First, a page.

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Relative performance of indoor vector control interventions in the Ifakara and the West African experimental huts

Oumbouke, Welbeck A. and Fongnikin, Augustin and Soukou, Koffi B. and Moore, Sarah J. and N'Guessan, Raphael. (2017) Relative performance of indoor vector control interventions in the Ifakara and the West African experimental huts. Parasites and Vectors, 10. p. 432.

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Official URL: https://edoc.unibas.ch/63176/

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Abstract

West African and Ifakara experimental huts are used to evaluate indoor mosquito control interventions, including spatial repellents and insecticides. The two hut types differ in size and design, so a side-by-side comparison was performed to investigate the performance of indoor interventions in the two hut designs using standard entomological outcomes: relative indoor mosquito density (deterrence), exophily (induced exit), blood-feeding and mortality of mosquitoes.; Metofluthrin mosquito coils (0.00625% and 0.0097%) and Olyset® Net vs control nets (untreated, deliberately holed net) were evaluated against pyrethroid-resistant Culex quinquefasciatus in Benin. Four experimental huts were used: two West African hut designs and two Ifakara hut designs. Treatments were rotated among the huts every four nights until each treatment was tested in each hut 52 times. Volunteers rotated between huts nightly.; The Ifakara huts caught a median of 37 Culex quinquefasciatus/ night, while the West African huts captured a median of 8/ night (rate ratio 3.37, 95% CI: 2.30-4.94, P < 0.0001) and this difference in mosquito entry was similar for Olyset® Net and more pronounced for spatial repellents. Exophily was greater in the Ifakara huts with > 4-fold higher mosquito exit relative to the West African huts (odds ratio 4.18, 95% CI: 3.18-5.51, P < 0.0001), regardless of treatment. While blood-feeding rates were significantly higher in the West African huts, mortality appeared significantly lower for all treatments.; The Ifakara hut captured more Cx. quinquefasciatus that could more easily exit into windows and eave traps after failing to blood-feed, compared to the West African hut. The higher mortality rates recorded in the Ifakara huts could be attributable to the greater proportions of Culex mosquitoes exiting and probably dying from starvation, relative to the situation in the West African huts.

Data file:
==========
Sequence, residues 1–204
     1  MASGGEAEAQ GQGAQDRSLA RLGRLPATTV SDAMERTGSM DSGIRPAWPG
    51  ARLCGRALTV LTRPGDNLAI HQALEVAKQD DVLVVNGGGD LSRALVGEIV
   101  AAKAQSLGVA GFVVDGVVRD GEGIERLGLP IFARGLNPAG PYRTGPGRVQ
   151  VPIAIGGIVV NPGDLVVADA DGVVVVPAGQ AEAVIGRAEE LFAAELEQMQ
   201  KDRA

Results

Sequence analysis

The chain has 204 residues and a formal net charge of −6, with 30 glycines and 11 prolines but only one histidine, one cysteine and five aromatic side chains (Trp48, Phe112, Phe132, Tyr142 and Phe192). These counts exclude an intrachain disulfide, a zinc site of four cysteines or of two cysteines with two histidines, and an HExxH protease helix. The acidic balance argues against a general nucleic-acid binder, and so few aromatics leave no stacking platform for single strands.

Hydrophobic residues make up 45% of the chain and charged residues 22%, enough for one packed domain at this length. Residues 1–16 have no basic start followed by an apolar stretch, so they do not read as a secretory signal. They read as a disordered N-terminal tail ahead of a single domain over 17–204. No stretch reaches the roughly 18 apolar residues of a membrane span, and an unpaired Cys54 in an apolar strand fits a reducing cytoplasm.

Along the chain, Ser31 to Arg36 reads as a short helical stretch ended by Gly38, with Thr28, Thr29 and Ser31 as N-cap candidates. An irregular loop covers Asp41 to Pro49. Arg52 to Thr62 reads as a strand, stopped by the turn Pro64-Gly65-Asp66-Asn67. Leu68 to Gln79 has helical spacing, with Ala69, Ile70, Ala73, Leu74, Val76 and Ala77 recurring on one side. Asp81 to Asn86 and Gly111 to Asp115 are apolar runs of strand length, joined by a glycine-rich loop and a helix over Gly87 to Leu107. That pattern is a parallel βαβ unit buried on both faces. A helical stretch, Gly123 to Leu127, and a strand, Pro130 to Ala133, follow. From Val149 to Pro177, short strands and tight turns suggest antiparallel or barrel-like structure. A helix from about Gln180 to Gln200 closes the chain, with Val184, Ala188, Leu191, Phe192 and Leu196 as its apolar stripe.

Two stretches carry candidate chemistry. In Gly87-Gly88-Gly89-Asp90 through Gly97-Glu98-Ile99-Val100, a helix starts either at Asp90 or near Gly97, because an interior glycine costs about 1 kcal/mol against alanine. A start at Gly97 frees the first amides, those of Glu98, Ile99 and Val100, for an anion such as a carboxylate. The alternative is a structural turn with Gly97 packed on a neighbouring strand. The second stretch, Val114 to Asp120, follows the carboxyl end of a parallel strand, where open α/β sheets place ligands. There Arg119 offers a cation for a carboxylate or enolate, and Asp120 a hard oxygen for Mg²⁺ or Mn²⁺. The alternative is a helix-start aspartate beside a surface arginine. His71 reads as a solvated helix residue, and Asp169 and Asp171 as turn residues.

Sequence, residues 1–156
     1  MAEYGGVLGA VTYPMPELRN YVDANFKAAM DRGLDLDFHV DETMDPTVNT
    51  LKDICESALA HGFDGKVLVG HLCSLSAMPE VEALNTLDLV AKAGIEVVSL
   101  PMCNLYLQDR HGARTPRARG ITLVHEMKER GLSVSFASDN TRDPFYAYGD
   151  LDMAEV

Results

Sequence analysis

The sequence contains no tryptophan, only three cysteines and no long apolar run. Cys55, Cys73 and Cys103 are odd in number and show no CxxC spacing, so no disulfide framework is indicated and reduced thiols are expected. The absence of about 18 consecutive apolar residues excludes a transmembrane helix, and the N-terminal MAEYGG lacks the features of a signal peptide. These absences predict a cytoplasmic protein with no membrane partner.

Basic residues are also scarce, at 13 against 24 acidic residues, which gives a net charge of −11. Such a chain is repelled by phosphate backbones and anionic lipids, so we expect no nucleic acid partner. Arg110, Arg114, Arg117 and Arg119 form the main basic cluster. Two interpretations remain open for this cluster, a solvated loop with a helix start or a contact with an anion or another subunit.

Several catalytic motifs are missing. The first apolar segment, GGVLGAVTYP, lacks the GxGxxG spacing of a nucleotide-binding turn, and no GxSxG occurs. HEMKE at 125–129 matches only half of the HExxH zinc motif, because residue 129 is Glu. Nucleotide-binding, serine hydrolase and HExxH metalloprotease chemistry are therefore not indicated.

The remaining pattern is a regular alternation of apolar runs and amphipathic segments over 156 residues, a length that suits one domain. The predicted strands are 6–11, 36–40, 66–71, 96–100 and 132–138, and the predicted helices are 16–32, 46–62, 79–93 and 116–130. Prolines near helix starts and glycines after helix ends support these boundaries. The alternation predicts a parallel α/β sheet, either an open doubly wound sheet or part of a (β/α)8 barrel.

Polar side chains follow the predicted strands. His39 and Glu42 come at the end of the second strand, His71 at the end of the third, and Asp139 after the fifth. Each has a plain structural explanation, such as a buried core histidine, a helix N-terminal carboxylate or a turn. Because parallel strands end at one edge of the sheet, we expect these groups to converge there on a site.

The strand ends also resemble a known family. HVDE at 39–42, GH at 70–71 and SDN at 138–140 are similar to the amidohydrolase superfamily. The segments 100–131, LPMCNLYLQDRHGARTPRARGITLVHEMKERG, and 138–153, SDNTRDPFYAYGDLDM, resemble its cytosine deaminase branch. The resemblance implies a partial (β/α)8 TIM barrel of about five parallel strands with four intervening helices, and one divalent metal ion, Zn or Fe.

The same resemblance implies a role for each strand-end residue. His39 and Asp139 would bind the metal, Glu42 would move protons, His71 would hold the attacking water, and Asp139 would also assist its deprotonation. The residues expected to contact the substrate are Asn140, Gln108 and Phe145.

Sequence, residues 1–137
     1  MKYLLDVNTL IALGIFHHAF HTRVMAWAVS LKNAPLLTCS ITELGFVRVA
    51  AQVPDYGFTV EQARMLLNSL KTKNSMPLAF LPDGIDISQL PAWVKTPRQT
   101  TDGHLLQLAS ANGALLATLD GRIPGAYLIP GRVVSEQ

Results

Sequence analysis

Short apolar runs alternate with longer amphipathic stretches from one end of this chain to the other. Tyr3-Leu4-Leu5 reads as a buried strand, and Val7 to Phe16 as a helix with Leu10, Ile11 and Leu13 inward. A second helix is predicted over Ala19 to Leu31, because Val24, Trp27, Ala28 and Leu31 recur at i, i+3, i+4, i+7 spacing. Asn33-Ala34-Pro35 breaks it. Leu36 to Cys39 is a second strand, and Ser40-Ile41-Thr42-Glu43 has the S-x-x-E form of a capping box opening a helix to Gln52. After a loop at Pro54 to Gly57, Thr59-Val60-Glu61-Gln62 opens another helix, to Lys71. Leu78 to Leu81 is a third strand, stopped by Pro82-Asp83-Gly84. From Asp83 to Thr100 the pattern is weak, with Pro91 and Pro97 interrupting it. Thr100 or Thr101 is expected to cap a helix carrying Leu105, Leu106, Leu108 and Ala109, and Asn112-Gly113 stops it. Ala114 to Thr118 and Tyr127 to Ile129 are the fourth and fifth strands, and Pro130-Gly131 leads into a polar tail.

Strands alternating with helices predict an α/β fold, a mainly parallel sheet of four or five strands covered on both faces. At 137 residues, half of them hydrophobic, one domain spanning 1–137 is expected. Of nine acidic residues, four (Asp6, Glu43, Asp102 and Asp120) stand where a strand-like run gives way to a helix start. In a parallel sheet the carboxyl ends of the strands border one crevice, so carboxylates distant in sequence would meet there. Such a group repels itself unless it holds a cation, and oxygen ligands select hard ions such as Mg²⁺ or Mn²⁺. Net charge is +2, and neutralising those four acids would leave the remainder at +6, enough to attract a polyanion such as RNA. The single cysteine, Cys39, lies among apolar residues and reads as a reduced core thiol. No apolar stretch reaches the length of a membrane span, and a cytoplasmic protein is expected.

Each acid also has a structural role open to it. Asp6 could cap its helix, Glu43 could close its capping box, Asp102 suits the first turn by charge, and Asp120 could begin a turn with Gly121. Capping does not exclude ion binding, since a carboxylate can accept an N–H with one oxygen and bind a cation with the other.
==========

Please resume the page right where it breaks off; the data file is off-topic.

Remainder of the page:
Faculties and Departments:09 Associated Institutions > Swiss Tropical and Public Health Institute (Swiss TPH)
09 Associated Institutions > Swiss Tropical and Public Health Institute (Swiss TPH) > Department of Epidemiology and Public Health (EPH) > Health Interventions > New Vector Control Interventions (Moore)
UniBasel Contributors:Moore, Sarah Jane
Item Type:Article, refereed
Article Subtype:Research Article
Publisher:BioMed Central
ISSN:1756-3305
Note:Publication type according to Uni Basel Research Database: Journal article
Identification Number:
Last Modified:02 Jul 2018 14:06
Deposited On:02 Jul 2018 14:06

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